FIG. 3, composed of FIGS. 3A, 3B and 3C, illustrates the operations performed by an initiating processor, P0, a target processor P1, a node interface control 0 at the node containing the initiating processor and a node interface control 1 at the node containing the target processor. FIG. 3 is organized in four columns indicating the operations performed at the initiating processor P0, the node interface control 0 on the same system bus with the initiating processor, the node control interface control 1 on the same system bus with the target processor, and the target processor 1.
In FIG. 3A the operation begins at the initiating processor P0 where operation 50 initiates an interrupt transaction (INTR TRAX) addressed to target processor P1. Operation 52 at P0 drives the interrupt address (INTR ADDR) as dispatched from the interrupt dispatch register on to system bus 0 (SB0). Node interface control 0 (NIC0) in operation 54 then captures the interrupt address (INTR ADDR). Operation 54 also detects that this interrupt address is for a processor P1 located at node 1.
In response to the detection of the interrupt address for another node, operation 56 sends an IGNORE status out on the SB0. Processor P0 in operation 58 captures the IGNORE status as the reply to P0 driving out the interrupt address. In response to the IGNORE status, P0 suspends the interrupt transaction in operation 60. Meanwhile the node interface control 0 (NIC0) in operation 62 sends an interrupt request to NIC1. As shown in FIG. 1, NIC1 is at node 1, which contains multiple processors including the target processor P1 interconnected by a system bus SB1.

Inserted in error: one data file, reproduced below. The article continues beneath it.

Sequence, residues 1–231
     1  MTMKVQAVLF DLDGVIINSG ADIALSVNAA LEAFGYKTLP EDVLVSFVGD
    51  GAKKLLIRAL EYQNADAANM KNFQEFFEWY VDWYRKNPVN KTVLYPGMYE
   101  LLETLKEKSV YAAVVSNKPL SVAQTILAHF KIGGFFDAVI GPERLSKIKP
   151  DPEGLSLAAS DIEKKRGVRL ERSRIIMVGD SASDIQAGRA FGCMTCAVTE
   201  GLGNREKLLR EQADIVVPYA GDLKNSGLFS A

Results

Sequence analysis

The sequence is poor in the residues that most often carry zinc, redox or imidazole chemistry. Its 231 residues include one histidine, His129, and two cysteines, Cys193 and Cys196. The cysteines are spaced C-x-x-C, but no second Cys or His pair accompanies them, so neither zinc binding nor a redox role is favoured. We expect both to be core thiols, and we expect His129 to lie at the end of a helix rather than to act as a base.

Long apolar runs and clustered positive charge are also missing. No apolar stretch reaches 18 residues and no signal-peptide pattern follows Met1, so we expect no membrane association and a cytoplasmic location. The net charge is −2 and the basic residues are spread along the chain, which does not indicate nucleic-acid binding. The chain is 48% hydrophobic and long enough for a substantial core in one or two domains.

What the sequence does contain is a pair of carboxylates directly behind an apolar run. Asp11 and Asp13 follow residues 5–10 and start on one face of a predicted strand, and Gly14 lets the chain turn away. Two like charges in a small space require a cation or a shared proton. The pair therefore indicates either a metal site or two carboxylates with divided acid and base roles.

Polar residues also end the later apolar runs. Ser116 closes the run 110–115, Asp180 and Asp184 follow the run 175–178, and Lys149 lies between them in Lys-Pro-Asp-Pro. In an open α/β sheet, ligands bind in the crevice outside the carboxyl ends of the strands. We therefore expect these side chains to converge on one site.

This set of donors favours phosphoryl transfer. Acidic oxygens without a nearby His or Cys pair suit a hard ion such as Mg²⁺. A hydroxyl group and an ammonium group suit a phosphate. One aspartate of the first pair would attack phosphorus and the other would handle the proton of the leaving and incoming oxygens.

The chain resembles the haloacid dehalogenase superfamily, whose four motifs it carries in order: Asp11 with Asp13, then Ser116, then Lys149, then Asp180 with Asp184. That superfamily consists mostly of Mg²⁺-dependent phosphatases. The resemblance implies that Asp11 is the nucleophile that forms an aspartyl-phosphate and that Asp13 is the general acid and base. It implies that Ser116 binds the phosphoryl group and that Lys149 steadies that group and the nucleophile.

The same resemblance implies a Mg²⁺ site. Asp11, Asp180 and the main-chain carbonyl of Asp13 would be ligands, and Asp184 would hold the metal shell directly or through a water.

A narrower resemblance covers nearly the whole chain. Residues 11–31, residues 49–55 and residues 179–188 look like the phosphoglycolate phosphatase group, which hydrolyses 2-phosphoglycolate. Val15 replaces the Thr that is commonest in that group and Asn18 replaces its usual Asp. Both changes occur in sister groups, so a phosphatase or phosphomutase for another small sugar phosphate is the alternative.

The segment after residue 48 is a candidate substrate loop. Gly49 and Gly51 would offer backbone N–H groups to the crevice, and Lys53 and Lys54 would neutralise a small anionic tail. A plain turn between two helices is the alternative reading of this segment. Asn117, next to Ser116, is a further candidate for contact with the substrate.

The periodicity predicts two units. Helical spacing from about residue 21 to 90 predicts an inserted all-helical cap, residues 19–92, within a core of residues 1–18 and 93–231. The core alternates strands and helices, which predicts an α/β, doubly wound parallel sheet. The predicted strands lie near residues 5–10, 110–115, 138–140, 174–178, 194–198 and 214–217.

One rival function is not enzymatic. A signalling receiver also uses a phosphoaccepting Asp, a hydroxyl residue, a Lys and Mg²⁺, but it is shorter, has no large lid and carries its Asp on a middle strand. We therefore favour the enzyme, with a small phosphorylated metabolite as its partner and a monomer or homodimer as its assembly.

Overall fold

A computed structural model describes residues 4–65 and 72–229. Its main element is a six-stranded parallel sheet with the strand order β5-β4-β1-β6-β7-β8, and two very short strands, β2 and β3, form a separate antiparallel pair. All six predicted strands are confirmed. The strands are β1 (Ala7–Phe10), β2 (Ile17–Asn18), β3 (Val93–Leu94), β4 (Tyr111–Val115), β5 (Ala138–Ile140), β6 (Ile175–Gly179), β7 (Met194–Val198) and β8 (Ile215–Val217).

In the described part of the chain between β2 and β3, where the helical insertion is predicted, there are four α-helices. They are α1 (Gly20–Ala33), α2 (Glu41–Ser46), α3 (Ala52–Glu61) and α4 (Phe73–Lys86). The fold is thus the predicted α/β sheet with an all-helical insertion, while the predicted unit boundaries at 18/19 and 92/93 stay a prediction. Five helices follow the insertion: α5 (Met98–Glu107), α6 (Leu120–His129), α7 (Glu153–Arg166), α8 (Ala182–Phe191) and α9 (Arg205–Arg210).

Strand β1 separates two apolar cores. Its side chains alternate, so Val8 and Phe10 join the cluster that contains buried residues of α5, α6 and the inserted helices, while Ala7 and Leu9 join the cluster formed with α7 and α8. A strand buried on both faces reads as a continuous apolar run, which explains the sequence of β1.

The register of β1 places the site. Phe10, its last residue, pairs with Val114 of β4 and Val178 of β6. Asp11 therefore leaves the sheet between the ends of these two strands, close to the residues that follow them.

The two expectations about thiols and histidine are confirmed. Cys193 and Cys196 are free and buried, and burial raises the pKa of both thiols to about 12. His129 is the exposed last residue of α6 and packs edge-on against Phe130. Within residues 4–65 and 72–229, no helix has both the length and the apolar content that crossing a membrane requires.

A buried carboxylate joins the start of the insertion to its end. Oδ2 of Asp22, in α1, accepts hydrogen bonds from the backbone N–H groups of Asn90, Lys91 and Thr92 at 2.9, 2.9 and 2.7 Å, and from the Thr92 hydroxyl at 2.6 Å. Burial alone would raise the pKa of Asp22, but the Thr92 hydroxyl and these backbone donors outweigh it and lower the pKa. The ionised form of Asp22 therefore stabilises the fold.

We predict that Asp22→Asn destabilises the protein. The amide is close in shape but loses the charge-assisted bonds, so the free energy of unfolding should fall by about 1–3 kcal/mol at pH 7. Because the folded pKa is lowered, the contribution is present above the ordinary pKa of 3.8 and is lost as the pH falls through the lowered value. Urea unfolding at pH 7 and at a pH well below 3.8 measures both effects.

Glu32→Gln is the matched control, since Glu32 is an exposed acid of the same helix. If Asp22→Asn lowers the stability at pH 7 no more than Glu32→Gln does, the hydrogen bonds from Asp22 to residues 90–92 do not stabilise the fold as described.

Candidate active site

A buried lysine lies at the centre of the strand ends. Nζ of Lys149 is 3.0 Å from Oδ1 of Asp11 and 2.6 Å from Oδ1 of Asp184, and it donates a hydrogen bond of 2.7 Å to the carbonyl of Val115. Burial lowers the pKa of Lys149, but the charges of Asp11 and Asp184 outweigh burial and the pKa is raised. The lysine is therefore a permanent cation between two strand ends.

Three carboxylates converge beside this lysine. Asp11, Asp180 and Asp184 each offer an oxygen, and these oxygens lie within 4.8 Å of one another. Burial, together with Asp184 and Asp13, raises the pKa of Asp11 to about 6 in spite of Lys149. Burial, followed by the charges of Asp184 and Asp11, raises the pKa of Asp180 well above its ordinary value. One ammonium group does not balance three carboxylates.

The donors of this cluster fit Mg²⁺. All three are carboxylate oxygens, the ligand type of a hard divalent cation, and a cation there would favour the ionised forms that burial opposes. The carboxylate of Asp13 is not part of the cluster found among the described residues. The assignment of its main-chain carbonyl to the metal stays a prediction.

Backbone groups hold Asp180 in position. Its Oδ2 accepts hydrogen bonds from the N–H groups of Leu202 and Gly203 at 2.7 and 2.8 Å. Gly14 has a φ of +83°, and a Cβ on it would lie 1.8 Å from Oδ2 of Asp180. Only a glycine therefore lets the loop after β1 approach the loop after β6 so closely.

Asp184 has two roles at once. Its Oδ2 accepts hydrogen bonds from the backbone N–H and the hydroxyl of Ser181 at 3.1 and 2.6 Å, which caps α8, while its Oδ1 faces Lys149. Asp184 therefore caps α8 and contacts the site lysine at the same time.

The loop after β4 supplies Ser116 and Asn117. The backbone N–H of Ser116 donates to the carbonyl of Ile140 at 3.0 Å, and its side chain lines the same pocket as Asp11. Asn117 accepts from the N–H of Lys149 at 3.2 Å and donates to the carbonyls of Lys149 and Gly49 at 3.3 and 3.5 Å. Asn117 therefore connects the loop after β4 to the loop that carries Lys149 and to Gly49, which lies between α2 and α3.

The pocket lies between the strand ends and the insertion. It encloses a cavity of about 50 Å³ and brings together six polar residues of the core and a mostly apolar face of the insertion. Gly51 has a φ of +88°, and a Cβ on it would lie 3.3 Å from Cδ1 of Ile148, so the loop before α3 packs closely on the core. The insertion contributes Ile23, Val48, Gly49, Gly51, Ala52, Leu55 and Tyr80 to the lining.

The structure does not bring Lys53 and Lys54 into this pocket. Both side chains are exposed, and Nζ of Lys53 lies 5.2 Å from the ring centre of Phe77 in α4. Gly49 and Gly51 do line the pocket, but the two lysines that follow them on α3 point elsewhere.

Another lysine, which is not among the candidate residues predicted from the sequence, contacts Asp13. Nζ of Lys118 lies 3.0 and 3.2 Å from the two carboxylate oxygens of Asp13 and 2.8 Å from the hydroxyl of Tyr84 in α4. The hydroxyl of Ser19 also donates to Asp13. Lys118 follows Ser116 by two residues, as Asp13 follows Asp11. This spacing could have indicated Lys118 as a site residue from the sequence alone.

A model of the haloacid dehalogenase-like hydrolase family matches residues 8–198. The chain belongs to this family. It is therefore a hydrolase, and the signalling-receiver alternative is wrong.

At NIC1, operation 64 receives the interrupt request for target processor P1. NIC1 then drives the interrupt address contained in the interrupt request on system bus SB1 during operation 66.
Target processor P1 captures the interrupt address from the system bus and identifies itself as the recipient of the interrupt transaction. Decision operation 70 at target processor P1 tests whether the processor is BUSY, i.e handling an interrupt transaction from another processor. If the processor is BUSY, the operation flow branches from decision operation 70 to send operation 72 in FIG. 3C. If the target processor is NOT BUSY, then the operation flow branches to send operation 74. Operation 74 sends an acknowledge (ACK) out on SB1. The node interface control 1 captures this acknowledge status in its operation 76. The remainder of the operation flow in response to an ACK status is shown in FIG. 3B.
After NIC1 captures the ACK status from the target processor, operation 76 in FIG. 3B sends an ACK reply to NIC0. At NIC0, operation 78 receives the ACK reply. In response to the ACK reply, NIC0 in operation 80 reissues the interrupt address on SB0. At the initiating processor P0, operation 82 captures the interrupt address and wakes up the interrupt transaction process in processor P0.
After NIC0 reissues the interrupt address, operation 84 at NIC0 asserts the ACK status for the target processor on SB0. Initiating processor P0 being awakened in operation 82, captures the ACK status in operation 86. Operation 88 in the initiating processor then sends the interrupt data packet out on system bus SB0.
NIC0 at operation 90 captures the interrupt data packet. Operation 92 then sends the interrupt data packet along with a completion message to NIC1.
At NIC1 operation 94 receives the interrupt data packet and the completion message. NIC1 in operation 96 sends the interrupt data out on SB1. After the interrupt data is sent out on SB1, operation 98 frees the resources at NIC1 to handle the next transaction.